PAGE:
The Federal Government is fine-tuning a law that would require companies to ensure human rights – a supply chain law. What are the consequences for the agricultural sector? Dr Bettina Rudloff from the German Institute for International and Security Affairs (SWP) discusses linking policy fields with added value.

Read more

(c) Michael Bruentrup/DIE

News from the starting block: Changeover

By Michael Brüntrup

The region of Sub-Saharan Africa is on the decisive verge of a great development boost in farming: it could skip entire generations of technological development. But how?  About possible roles and potentials of digital services.

Read more

Africa's face of agriculture is female

By Beatrice Gakuba

Africa has a huge opportunity to make agriculture its economic driver. However, the potential for this is far from being made exhaustive use of, one reason being that women face considerable difficulties in their economic activities. The organisation AWAN Afrika seeks to change this state of affairs.

Read more

Hier steht eine Bildbeschreibung

Statement from GAFSP Co-Chairs: GAFSP and COVID-19 Pandemic

By GAFSP

COVID-19 has unprecedented effects on the world. As always, the most vulnerable are the hardest hit, both at home and - especially - abroad. A joint appeal by the German Federal Ministry for Economic Development and Cooperation (BMZ) and the Department for International Development (DFID).

Read more

Uli Reinhardt/Zeitenspiegel

Bitter fruit

By Frank Brunner

Why aren’t bars of chocolate made where cocoa is grown? Author Frank Brunner analyses the industry’s fragile value chain from the plantation to the supermarket

Read more

(c) Christoph Püschner

The price isn’t everything

By Bettina Rühl

In Togo’s capital, Lomé, home-grown rice costs almost twice as much as the imported product from Thailand. Yet there are good reasons for preferring the local product

Read more

(c) Christoph Püschner/Zeitenspiegel

Slaves do not produce quality

By Tilman Wörtz

Every child in Germany knows Ritter Sport – but most of the children harvesting cocoa on western African plantations have never even eaten chocolate. Can a chocolate manufacturer change the world? Conversation with Alfred Ritter about the power and powerlessness of a businessman.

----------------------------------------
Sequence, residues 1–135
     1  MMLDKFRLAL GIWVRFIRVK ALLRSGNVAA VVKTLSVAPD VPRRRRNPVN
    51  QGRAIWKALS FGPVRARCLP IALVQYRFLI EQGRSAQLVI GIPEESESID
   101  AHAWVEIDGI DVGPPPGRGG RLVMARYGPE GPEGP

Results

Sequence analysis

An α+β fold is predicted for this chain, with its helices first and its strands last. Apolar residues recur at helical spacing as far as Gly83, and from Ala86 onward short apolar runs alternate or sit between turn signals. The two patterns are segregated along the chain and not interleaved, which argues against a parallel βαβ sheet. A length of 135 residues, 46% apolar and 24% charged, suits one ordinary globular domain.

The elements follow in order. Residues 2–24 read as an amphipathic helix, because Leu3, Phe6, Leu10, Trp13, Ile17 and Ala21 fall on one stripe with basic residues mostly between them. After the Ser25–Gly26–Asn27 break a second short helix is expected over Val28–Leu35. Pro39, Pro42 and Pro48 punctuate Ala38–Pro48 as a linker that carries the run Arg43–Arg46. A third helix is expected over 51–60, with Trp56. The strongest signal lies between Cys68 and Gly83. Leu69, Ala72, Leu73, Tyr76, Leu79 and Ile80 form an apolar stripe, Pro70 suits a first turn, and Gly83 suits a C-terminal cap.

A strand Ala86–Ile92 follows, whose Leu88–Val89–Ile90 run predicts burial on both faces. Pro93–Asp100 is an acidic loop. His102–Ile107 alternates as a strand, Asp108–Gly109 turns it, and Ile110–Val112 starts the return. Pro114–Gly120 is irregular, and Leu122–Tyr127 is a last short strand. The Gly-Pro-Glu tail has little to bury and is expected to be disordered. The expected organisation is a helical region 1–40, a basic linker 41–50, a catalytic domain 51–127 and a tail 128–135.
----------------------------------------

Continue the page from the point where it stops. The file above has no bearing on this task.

Read more

No rainforest for our consumption

By Jenny Walther-Thoß

In the tropics rainforests are still being felled for the production of palm oil, meat and furniture. It is high time to act. Proposals are on the table.

Read more

(c) Simon Veith

A fresh opportunity

Interview with Lutz Hartmann

By leasing a three hundred hectare fruit plantation in Ethiopia, Lutz Hartmann has realised a long-cherished dream: to run his own business in Africa. Now he has a personal interest in the issue of Africa’s development.

Read more

Small fish with a big potential

By Paul van Zwieten

African inland fisheries are increasingly reliant on the capture of small fish species that are sundried and traded over long distances. They make an important contribution in alleviating “hidden hunger”: consumed whole, small fish are an important source of micronutrients. Only that, unfortunately, politicians haven’t yet realised this.

Read more

Controversy: Do supply chains need liability rules?

Discussion about the potential supply chain law

The German government is struggling to pass a supply chain law. It is intended to address violations of human rights, social and environmental standards. What would the consequences be for business? A double interview with Veselina Vasileva from GEPA and economics professor Andreas Freytag.

Read more

"Soy can be made into more than just flour"

A report by Johanna Steinkühler (GIZ)

The soybean is a natural crop that can be used to make a lot of food. So, Tata Bi started a small processing business first on her own, then with a few other women, which provides the women with an additional source of income year-round besides selling the soybeans.

Read more

Africa's rapid economic transformation

By T. S. Jayne, A. Adelaja and R. Mkandawire

Thirty years ago, Africa was synonymous with war, famine and poverty. That narrative is clearly outdated. African living standards are rising remarkably fast. Our authors are convinced that improving education and entrepreneurship will ensure irreversible progress in the region even as it confronts COVID-19.

Read more

"Without peace, there will be no development"

Interview with Karina Mroß 

What contribution does development cooperation make to conflict prevention? What can it do for sustainable peace? Political scientist Karina Mroß talks to Raphael Thelen about post-conflict societies and their chances for peaceful development.

Read more

Frank Schultze / Agentur_ZS

The communicator

By Jan Rübel

What do electrical engineering, telecommunications and agriculture have in common? They arouse the passion of Strive Masiyiwa: Thirty years ago, he started an electrical installation company with $75, later riding the telecommunications wave as a pioneer. Today he is committed to transforming African agriculture.

 

Read more

MarkIrungu /AGRA

Spiritual mortar for the young generation

By Jan Rübel

Fred Swaniker is working building a new era of leaders. And what about agriculture? ‘It needs to be more sexy!’

Read more